Table of Contents / Preface (1 references)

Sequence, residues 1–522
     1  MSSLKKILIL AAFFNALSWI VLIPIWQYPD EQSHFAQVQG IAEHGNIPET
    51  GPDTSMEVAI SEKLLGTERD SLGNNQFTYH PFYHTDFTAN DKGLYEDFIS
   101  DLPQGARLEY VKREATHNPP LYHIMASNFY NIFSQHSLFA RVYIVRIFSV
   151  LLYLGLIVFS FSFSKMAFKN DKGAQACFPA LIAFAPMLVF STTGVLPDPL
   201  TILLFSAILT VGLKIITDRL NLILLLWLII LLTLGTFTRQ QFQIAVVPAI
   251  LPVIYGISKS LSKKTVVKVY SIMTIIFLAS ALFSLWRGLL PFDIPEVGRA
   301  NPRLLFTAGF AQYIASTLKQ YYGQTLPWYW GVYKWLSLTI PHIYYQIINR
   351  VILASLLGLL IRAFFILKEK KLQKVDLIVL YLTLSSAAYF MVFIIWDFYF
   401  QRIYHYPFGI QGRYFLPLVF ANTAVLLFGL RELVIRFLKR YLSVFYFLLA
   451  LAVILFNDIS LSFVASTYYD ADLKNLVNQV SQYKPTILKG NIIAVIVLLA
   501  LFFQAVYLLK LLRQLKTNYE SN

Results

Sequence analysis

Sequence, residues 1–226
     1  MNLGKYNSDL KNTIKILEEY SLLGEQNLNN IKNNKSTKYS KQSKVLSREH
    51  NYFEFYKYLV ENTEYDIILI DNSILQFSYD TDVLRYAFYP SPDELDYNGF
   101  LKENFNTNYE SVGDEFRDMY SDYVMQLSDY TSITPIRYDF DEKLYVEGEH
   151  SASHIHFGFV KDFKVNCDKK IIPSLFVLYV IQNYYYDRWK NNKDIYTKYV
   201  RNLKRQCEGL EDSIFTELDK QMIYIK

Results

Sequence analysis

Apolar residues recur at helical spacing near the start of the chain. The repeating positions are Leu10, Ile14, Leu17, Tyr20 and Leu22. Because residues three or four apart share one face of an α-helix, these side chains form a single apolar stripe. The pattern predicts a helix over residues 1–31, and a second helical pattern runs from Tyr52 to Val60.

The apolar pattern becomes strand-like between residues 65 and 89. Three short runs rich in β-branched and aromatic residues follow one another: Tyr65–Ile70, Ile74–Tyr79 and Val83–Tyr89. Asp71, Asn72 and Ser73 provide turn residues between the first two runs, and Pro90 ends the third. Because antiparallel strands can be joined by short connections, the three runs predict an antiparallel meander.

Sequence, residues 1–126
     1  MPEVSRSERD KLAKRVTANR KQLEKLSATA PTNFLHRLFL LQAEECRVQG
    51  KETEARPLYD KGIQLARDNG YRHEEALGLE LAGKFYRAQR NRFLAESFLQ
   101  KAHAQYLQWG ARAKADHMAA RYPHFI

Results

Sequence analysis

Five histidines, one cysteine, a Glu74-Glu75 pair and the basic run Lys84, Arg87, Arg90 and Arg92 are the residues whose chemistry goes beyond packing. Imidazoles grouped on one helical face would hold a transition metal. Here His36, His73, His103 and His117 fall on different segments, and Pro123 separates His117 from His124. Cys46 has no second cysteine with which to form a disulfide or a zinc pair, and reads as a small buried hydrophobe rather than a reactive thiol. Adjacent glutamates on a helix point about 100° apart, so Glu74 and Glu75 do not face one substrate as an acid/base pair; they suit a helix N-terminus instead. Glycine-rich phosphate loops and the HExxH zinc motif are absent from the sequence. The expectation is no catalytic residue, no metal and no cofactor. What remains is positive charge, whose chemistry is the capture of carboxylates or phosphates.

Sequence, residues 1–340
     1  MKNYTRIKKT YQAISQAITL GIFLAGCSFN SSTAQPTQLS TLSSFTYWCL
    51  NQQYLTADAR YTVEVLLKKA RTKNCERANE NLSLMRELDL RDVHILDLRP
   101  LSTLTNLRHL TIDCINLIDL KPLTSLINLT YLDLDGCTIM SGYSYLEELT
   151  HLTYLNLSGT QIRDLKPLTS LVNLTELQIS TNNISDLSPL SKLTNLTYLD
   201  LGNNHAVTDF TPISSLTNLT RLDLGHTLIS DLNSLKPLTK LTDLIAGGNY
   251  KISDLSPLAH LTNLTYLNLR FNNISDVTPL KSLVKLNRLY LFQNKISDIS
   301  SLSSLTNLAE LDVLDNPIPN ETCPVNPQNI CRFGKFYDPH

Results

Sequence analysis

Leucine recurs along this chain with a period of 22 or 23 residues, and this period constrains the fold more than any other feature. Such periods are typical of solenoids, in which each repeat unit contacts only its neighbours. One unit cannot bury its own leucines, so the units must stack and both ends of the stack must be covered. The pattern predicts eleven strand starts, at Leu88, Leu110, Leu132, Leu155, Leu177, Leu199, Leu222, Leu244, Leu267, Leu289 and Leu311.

In this disposition I continued for near a year after this; and so far was I from desiring an occasion for falling upon these wretches, that in all that time I never once went up the hill to see whether there were any of them in sight, or to know whether any of them had been on shore there or not, that I might not be tempted to renew any of my contrivances against them, or be provoked, by any advantage which might present itself, to fall upon them: only this I did, I went and removed my boat, which I had on the other side of the island, and carried it down to the east end of the whole island, where I ran it into a little cove, which I found under some high rocks, and where I knew, by reason of the currents, the savages durst not, at least would not come, with their boats, upon any account whatever. With my boat I carried away every thing that I had left there belonging to her, though not necessary for the bare going thither, viz. a mast and sail which I had made for her, and a thing like an anchor, but which, indeed, could not be called either anchor or grapnel; however, it was the best I could make of its kind: all these I removed, that there might not be the least shadow of any discovery, or any appearance of any boat, or of any human habitation, upon the island. Besides this, I kept myself, as I said, more retired than ever, and seldom went from my cell, other than upon my constant employment, viz. to milk my she-goats, and manage my little flock in the wood, which, as it was quite on the other part of the island, was quite out of danger; for certain it is, that these savage people, who sometimes haunted this island, never came with any thoughts of finding any thing here, and consequently never wandered off from the coast; and I doubt not but they might have been several times on shore after my apprehensions of them had made me cautious, as well as before. Indeed, I looked back with some horror upon the thoughts of what my condition would have been if I had chopped upon them and been discovered before that, when, naked and unarmed, except with one gun, and that loaded often only with small shot, I walked every where, peeping and peering about the island to see what I could get; what a surprise should I have been in, if, when I discovered the print of a man's foot, I had, instead of that, seen fifteen or twenty savages, and found them pursuing me, and by the swiftness of their running, no possibility of my escaping them! The thoughts of this sometimes sunk my very soul within me, and distressed my mind so much, that I could not soon recover it, to think what I should have done, and how I should not only have been unable to resist them, but even should not have had presence of mind enough to do what I might have done; much less what now, after so much consideration and preparation, I might be able to do. Indeed, after serious thinking of these things, I would be very melancholy, and sometimes it would last a great while; but I resolved it all, at last, into thankfulness to that Providence which had delivered me from so many unseen dangers, and had kept from me those mischiefs which I could have no way been the agent in delivering myself from, because I had not the least notion of any such thing depending, or the least supposition of its being possible. This renewed a contemplation which often had come to my thoughts in former time, when first I began to see the merciful dispositions of Heaven, in the dangers we run through in this life; how wonderfully we are delivered when we know nothing of it; how, when we are in a quandary, (as we call it) a doubt or hesitation, whether to go this way, or that way, a secret hint shall direct us this way, when we intended to go that way: nay, when sense, our own inclination, and perhaps business, has called to go the other way, yet a strange impression upon the mind, from we know not what springs, and by we know not what power, shall over-rule us to go this way; and it shall afterwards appear, that had we gone that way which we should have gone, and even to our imagination ought to have gone, we should have been ruined and lost. Upon these, and many like reflections, I afterwards made it a certain rule with me, that whenever I found those secret hints or pressings of mind, to doing or not doing any thing that presented, or going this way or that way, I never failed to obey the secret dictate; though I knew no other reason for it than that such a pressure, or such a hint, hung upon my mind. I could give many examples of the success of this conduct in the course of my life, but more especially in the latter part of my inhabiting this unhappy island; besides many occasions which it is very likely I might have taken notice of, if I had seen with the same eyes then that I see with now. But it is never too late to be wise; and I cannot but advise all considering men, whose lives are attended with such extraordinary incidents as mine, or even though not so extraordinary, not to slight such secret intimations of Providence, let them come from what invisible intelligence they will. That I shall not discuss, and perhaps cannot account for; but certainly they are a proof of the converse of spirits, and a secret communication between those embodied and those unembodied, and such a proof as can never be withstood; of which I shall have occasion to give some very remarkable instances in the remainder of my solitary residence in this dismal place.